Friday, November 2, 2012

Sleepless And Going Bananas

My pal Rick Rodgers, author of Thanksgiving 101 and too many other cookbooks to count, was in town just in time to escape the devastation back home in New Jersey.  We went to Bar César for lunch yesterday and, since November is still rosé weather in globally-warmer-than-ever Northern California, we each had a glass with our charcuterie and cheese… and then shared a second. We walked around the neighborhood afterwards, checking out the offerings at the Cheeseboard, the menu at Chez Panisse, and the chocolate chip cookies made with lard at the 1-year-old Local Butcher Shop. (The cookies were interesting but we really did miss the flavor and carmelization that comes with butter). We parted around 3:00, after tasting Hungarian tortes and sipping espresso at Crixa Cakes.  Such fun! But yikes!

To counter the buzz of alcohol, sugar, and caffeine (and lard?), I decided to walk the 2 miles home.

I was in bed but still awake at 2 AM, 3 AM, and 4 AM... then I gave up and played Words with Friends on my Iphone and exchanged silliness with David Lebovitz on twitter for a while. I got up and cleaned out a drawer.  Back in bed, I worried about the election, wondered if the Buckwheat Walnut Crackers were baked at the right temperature, and finally started counting good things to do with bananas—instead of sheep.

I got this far: 

1. Grilled Sandwich: filled with sliced bananas, peanut butter and honey.

2. Bananas and Cream: slice bananas into a bowl with heavy cream and garnish with a couple thin orange slices, and perhaps a drop of orange flour water.

3. Bananas and Yogurt:  slice bananas into a bowl with plain yogurt, honey, and pistachios, walnuts, or peanuts.

4. Creamy Banana Yogurt “Pudding”: mash banana with an equal amount of plain yogurt. Sweeten and seasoned to taste with a bit of honey or brown sugar and pinches of cinnamon or cardamom. Top with chopped walnuts or pistachios. Top with extra pinches of spice.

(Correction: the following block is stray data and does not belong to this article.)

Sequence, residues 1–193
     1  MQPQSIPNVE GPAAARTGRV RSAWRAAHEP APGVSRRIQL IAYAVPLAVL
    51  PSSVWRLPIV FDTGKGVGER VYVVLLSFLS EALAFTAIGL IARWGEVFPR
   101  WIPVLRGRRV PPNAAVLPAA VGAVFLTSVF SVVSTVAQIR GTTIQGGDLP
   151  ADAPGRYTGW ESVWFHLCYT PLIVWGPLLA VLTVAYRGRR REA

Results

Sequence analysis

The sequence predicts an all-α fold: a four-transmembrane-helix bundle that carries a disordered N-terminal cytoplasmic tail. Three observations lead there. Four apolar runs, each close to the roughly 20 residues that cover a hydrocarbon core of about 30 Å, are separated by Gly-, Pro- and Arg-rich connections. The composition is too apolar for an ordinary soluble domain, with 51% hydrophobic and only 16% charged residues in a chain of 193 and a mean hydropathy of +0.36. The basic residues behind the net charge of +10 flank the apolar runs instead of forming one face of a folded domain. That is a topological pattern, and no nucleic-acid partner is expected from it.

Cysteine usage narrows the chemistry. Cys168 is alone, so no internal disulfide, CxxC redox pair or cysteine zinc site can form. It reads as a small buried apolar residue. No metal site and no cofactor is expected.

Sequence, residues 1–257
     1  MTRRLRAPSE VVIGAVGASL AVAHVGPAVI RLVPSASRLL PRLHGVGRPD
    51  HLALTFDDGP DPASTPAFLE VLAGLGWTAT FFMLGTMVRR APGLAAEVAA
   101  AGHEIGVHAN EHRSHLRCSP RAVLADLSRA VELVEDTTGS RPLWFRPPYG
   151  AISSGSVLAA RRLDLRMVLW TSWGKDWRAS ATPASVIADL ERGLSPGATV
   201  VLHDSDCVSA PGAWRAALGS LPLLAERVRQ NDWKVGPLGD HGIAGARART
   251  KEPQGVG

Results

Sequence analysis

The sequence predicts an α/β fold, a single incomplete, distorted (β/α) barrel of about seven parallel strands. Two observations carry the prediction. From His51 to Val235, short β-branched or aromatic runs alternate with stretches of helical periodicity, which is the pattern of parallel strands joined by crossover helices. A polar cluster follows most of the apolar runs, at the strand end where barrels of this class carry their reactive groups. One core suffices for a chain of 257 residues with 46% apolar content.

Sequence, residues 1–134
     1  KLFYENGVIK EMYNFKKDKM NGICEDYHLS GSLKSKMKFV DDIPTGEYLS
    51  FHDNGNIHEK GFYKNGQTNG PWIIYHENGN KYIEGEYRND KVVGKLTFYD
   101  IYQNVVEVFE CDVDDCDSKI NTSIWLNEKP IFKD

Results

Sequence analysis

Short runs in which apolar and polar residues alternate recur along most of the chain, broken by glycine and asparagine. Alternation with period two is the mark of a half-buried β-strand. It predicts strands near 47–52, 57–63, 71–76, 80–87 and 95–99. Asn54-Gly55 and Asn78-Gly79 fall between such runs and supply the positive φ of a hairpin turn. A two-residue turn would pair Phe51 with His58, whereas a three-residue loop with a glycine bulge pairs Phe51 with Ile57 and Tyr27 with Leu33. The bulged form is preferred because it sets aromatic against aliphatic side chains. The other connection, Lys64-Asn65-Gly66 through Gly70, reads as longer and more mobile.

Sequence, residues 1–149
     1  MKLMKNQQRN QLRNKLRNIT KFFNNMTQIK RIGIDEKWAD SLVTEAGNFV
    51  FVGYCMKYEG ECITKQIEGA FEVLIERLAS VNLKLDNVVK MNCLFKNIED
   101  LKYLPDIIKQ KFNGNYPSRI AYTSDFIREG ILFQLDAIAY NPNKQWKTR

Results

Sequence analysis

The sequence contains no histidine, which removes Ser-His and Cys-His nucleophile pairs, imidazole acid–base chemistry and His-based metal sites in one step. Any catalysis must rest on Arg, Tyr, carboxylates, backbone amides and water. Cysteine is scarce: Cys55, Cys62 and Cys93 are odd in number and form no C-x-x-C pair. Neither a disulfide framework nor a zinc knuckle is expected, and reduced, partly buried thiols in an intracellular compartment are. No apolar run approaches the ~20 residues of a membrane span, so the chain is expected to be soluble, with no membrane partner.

5. Exotic Chocolate-Dipped Popsicles: mash bananas and season to taste with cinnamon, nutmeg, and cardamom. Freeze in popsicle molds, unmold and dip in chocolate (see below), and shower with optional chopped walnuts or sprinkles.

6. Chocolate Banana Blintzes:  fold three slices of banana and a spoonful of thick ganache into each crepe, as for blintzes. Keep refrigerated until ready to sauté (very briefly) in butter. Serve immediately.  Full recipe in Chocolate Holidays (Artisan, 2001) 

7. Ice Cream Sandwiches:  free banana slices until hard. Process them in a food processor until thick and creamy with a texture like soft serve ice cream. Return the mixture to the freezer to firm up.  Scoop and press between thin crunchy oatmeal cookies.  Serve immediately or store in a covered container in the freezer.

8.  Chocolate Dipped Bananas: impale bananas on sticks and freeze solid.  Dip frozen bananas in warm chocolate dip (see recipe below), and sprinkle with chopped peanuts, if desired.

9. Butterscotch Bananas Foster:  Cut bananas in half crosswise and cut each piece in half lengthwise. Make Butterscotch Sauce from Sinfully Easy Delicious Desserts (Artisan, 2012)using Bourbon or Scotch, or warm purchased sauce in a skillet.  Heat the bananas in the sauce and serve with vanilla ice cream.

10.  Chocolate Banana Waffles: Sauté banana slices in a little butter. Serve on chocolate waffles. Top with crème frâiche. Full recipe in Chocolate Holidays (Artisan, 2001)

11. Salted-Caramel Banana Bread Pudding: recipe in Sinfully Easy Delicious Desserts (Artisan, 2012)

I could have gone on, but blessedly fell asleep around 6 AM.